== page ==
Seoul pushes France for return of stolen artifacts

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Seoul pushes France for return of stolen artifacts

Korea is stepping up negotiations with France to seek the return of ancient Korean texts looted in the 19th century, with the aim of reaching an agreement before next month’s G-20 Summit in Seoul, the country’s top envoy to Paris said.

Ambassador Park Heung-shin made the remarks during an annual parliamentary audit of his embassy Tuesday, saying the G-20 Summit offers the “best chance” for Seoul to convince France to return the “Oegyujanggak” royal texts that French troops seized during a punitive expedition in 1866 on Ganghwa Island in revenge for the killing of French missionaries.

“We are undertaking negotiations with the aim of resolving the issue within the bounds allowed by French law before the upcoming G-20 Summit in November,” Park told lawmakers, adding that whenever he has met with key French officials, he has urged them to resolve the issue.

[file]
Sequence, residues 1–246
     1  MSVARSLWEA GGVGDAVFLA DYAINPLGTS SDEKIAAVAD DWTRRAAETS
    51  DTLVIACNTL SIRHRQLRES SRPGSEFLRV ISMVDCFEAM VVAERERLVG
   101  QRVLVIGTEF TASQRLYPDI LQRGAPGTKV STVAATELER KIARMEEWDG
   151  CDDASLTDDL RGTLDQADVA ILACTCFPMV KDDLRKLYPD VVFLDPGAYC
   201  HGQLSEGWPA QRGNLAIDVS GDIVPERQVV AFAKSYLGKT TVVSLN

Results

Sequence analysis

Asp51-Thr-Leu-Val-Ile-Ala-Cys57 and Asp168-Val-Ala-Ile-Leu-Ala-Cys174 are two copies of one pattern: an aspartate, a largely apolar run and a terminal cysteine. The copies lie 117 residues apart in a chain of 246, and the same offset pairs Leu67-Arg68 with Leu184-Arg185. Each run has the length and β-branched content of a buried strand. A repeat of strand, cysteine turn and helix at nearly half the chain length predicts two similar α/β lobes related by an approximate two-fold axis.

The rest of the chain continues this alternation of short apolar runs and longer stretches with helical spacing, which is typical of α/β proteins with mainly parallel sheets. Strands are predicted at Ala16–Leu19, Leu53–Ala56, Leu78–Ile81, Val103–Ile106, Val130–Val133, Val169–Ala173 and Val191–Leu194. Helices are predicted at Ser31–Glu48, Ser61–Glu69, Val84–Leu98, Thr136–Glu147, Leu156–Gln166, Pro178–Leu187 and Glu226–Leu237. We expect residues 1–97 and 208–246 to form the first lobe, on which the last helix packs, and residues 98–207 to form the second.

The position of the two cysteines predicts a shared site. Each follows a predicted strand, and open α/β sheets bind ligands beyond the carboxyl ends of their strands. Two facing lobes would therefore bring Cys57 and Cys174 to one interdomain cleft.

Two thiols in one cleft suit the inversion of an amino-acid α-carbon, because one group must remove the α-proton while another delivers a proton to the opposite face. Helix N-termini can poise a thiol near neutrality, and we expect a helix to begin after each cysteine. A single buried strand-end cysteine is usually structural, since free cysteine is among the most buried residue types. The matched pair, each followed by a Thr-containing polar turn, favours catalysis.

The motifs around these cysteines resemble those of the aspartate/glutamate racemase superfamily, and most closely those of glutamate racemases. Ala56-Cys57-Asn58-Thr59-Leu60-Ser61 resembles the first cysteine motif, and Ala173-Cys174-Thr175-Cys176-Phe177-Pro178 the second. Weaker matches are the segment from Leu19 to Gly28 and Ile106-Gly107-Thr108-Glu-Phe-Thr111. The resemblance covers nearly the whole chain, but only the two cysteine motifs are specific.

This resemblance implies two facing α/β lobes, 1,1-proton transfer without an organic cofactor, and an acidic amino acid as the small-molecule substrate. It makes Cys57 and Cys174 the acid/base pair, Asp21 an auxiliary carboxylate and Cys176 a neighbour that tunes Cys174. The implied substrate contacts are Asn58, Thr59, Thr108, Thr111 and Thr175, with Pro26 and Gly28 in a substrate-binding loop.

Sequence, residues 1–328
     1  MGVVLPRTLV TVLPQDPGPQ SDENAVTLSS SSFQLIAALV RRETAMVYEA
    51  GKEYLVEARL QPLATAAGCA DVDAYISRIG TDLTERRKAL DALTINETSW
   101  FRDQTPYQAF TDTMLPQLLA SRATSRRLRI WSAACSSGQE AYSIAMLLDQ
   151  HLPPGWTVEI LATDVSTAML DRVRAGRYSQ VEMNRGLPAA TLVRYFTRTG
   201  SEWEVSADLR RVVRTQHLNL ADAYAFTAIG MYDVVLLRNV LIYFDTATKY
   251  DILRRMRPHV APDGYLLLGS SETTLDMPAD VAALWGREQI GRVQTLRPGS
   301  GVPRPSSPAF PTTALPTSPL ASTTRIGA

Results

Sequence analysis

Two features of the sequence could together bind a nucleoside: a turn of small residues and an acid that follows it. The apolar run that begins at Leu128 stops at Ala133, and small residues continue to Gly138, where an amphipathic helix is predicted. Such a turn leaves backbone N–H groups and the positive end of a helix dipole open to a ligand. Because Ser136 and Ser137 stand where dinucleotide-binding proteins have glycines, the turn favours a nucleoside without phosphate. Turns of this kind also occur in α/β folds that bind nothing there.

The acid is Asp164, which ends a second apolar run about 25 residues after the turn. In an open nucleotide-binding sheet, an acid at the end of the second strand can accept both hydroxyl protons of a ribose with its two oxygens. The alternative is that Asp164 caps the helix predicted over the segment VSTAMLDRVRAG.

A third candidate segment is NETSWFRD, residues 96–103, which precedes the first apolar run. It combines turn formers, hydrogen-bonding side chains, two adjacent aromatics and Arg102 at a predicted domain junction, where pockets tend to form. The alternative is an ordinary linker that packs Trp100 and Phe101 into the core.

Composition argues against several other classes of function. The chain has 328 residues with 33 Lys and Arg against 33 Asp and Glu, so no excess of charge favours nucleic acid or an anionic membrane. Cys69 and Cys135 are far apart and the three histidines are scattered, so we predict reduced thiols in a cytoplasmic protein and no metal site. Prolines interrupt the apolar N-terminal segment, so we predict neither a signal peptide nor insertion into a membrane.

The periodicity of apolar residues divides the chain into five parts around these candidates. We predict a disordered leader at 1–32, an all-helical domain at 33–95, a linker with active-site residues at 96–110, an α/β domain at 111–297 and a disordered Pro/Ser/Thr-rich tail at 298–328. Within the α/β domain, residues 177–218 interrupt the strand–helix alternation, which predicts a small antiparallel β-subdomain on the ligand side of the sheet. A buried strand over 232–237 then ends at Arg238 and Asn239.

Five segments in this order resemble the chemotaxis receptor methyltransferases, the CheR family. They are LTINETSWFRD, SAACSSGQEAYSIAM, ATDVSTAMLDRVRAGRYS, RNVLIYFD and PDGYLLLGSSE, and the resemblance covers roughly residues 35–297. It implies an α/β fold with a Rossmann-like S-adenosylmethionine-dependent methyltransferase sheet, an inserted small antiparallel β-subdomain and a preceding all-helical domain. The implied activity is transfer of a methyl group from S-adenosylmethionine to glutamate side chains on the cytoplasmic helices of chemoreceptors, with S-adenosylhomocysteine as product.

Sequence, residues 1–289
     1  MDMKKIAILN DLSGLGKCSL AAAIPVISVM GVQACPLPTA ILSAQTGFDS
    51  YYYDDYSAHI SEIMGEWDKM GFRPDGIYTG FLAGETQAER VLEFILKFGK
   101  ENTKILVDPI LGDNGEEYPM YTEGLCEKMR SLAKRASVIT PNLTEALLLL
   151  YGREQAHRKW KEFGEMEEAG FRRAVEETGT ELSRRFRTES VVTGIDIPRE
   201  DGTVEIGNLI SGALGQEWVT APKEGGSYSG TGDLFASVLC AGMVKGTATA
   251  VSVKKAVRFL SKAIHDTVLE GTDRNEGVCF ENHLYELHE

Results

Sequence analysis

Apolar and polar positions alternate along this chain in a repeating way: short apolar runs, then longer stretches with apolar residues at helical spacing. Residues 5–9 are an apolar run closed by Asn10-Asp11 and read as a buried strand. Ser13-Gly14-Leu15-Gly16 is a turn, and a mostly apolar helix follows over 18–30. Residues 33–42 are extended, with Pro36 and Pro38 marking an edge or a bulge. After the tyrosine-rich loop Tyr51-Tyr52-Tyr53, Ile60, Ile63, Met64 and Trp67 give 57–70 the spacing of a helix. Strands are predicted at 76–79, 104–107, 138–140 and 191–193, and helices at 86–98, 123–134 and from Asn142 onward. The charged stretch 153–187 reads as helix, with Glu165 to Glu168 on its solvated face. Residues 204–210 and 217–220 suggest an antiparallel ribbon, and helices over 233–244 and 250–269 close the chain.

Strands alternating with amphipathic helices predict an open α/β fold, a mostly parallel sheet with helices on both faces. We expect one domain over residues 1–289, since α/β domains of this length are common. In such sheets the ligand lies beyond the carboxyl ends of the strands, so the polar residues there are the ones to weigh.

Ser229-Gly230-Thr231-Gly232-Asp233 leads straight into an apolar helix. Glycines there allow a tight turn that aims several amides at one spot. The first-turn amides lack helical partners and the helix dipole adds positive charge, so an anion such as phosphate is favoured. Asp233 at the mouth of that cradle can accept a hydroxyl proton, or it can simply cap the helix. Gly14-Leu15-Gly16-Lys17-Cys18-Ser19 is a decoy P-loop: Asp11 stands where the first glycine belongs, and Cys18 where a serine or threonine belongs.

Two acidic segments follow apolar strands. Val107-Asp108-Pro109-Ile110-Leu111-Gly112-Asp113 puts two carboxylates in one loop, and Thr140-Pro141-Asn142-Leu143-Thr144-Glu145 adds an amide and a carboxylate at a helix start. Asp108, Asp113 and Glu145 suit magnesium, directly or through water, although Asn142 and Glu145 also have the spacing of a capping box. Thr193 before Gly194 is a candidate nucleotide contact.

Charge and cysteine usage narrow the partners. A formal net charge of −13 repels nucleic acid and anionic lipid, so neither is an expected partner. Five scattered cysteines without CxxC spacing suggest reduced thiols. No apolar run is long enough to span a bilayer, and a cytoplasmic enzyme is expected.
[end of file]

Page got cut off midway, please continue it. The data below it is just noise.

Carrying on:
Park also said that Korea is trying to set up a bilateral meeting between President Lee Myung-bak and French President Nicolas Sarkozy after the summit. Sarkozy’s trip to Korea will be the first by a French president in 10 years, the ambassador said.

Korea has long sought to retrieve the 297 volumes of royal texts that dictate the protocols of royal ceremonies and rights. One of the books was returned to Korea on a permanent lease basis in 1993 by then-French President Francois Mitterand, but hundreds of other volumes remain in France.

Seoul is now seeking to get possession of all the volumes on a permanent lease. A Unesco convention signed in 1970 on cultural properties requires the unconditional return of any items obtained through illegal means, but items obtained prior to the signing of the convention can lawfully be registered as national properties.

Meanwhile, ruling and opposition lawmakers met with Axel Poniatowski, chairman of the Foreign Affairs Committee of the French National Assembly, and other lawmakers Tuesday to ask for cooperation in Seoul’s efforts to secure the royal texts.

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